Smaller, private companies have increased representation, according to the report’s findings.  Pre-revenue organizations are more likely than profitable organizations to have a female CEO and 25% of their executive-level workforce are people of color. Small organizations are more likely to have a female CEO; privately held organizations are more likely to have a person of color in that position.

The best part of the report’s findings is that BIO member companies are favorable to being more diverse and inclusive. Responding companies reported that 80% of their employees and 73% of their leaders are committed to creating an inclusive environment. About half of the responding companies say that diversity and inclusion is one of their organization’s stated values or priorities, and almost one-third have a stated goal about creating an inclusive environment.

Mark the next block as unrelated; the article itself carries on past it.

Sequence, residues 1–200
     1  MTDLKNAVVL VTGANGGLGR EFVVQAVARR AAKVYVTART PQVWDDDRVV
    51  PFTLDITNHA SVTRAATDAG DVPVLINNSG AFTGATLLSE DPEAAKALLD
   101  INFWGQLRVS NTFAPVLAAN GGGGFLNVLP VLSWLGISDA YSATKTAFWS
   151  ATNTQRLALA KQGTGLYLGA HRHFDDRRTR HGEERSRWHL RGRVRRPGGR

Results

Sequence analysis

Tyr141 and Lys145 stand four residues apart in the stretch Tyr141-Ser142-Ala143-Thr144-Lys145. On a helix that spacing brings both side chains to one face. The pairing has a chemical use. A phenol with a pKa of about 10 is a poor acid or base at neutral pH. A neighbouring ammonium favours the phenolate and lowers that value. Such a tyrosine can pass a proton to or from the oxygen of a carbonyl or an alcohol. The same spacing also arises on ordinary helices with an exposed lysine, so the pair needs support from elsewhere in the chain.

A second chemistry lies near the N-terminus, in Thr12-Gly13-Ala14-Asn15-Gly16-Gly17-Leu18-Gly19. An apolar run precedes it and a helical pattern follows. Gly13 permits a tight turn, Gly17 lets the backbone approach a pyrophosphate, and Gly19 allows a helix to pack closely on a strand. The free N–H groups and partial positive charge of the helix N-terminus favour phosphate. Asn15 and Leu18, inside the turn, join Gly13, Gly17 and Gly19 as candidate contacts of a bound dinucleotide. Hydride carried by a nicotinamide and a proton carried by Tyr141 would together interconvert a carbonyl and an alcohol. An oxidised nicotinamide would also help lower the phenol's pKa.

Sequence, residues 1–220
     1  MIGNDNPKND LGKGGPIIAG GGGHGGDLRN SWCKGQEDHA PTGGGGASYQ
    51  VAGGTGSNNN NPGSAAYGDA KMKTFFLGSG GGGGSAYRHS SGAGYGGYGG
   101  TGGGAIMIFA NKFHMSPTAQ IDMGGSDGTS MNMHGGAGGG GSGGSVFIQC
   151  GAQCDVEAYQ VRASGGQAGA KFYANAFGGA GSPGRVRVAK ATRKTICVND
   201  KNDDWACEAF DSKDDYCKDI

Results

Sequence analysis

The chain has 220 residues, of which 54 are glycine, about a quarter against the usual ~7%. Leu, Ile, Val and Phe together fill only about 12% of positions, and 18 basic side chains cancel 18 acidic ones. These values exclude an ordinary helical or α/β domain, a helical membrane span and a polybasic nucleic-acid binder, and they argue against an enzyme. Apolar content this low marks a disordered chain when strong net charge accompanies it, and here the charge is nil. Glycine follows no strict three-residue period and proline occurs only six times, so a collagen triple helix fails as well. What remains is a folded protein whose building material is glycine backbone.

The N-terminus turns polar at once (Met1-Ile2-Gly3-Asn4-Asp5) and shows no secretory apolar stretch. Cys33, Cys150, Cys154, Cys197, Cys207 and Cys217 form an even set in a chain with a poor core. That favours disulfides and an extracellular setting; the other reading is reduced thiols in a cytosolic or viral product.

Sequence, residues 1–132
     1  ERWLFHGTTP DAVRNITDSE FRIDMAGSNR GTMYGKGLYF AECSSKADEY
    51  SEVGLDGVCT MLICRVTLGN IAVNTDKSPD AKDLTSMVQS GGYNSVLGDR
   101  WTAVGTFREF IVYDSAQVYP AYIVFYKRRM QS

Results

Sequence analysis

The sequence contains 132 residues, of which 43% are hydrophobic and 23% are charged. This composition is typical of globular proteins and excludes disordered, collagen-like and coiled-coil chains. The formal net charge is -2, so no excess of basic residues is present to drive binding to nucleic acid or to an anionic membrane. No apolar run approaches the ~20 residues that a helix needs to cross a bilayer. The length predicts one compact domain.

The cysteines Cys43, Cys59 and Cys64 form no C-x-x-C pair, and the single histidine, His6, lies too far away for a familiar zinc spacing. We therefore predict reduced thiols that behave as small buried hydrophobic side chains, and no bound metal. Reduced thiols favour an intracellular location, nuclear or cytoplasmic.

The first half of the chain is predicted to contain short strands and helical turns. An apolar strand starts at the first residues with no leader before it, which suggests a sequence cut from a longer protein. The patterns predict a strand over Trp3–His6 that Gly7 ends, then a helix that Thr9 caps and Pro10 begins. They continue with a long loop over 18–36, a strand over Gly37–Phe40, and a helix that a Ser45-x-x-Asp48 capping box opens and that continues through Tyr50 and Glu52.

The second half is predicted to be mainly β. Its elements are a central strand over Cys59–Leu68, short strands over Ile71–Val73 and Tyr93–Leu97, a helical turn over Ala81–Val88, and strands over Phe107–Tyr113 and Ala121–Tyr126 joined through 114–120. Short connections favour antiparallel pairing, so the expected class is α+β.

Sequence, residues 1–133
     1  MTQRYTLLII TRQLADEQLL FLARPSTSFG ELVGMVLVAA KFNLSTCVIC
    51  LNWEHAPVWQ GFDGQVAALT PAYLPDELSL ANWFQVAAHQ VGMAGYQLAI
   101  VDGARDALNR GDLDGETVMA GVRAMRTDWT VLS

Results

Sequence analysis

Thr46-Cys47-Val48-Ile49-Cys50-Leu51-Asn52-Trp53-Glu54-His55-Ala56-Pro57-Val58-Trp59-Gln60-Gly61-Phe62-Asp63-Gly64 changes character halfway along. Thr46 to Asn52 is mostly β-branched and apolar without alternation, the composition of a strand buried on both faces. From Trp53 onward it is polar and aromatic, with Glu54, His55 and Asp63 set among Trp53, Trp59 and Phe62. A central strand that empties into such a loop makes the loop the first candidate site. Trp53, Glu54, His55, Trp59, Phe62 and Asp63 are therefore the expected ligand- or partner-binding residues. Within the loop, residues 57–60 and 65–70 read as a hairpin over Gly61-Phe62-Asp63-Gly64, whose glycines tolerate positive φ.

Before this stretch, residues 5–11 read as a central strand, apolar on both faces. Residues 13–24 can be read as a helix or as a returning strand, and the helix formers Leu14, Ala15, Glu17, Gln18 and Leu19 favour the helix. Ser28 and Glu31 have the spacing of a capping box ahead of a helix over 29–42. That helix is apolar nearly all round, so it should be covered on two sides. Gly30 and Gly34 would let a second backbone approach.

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The reported data shows that diversity and inclusion programming is still in the early stages at most responding companies – many of which are still assessing the benefits of such programs.

Efforts to ensure equal treatment within the industry

Building on three years of work by BIO’s Workforce Development, Diversity and Inclusion Committee (WDDI), this report is a baseline for the understanding representation of diversity and inclusion within BIO member companies. “While these numbers show progress in some areas, we know that as an industry, we can do better,” said Helen Torley, chair of BIO’s WDDI Committee and CEO of Halozyme Therapeutics. “What is hopeful about this report is that many BIO member companies express a strong desire to do better – and a commitment to take the needed actions to get there.”